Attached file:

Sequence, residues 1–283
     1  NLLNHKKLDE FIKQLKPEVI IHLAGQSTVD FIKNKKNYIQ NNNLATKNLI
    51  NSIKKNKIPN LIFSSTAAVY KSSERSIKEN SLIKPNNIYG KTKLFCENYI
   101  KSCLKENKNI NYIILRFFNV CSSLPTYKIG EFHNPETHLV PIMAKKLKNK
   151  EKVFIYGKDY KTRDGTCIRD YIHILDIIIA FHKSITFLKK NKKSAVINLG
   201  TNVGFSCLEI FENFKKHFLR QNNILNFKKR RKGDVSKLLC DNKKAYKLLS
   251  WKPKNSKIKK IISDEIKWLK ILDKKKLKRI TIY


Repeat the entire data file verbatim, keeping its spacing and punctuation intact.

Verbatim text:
Sequence, residues 1–283
     1  NLLNHKKLDE FIKQLKPEVI IHLAGQSTVD FIKNKKNYIQ NNNLATKNLI
    51  NSIKKNKIPN LIFSSTAAVY KSSERSIKEN SLIKPNNIYG KTKLFCENYI
   101  KSCLKENKNI NYIILRFFNV CSSLPTYKIG EFHNPETHLV PIMAKKLKNK
   151  EKVFIYGKDY KTRDGTCIRD YIHILDIIIA FHKSITFLKK NKKSAVINLG
   201  TNVGFSCLEI FENFKKHFLR QNNILNFKKR RKGDVSKLLC DNKKAYKLLS
   251  WKPKNSKIKK IISDEIKWLK ILDKKKLKRI TIY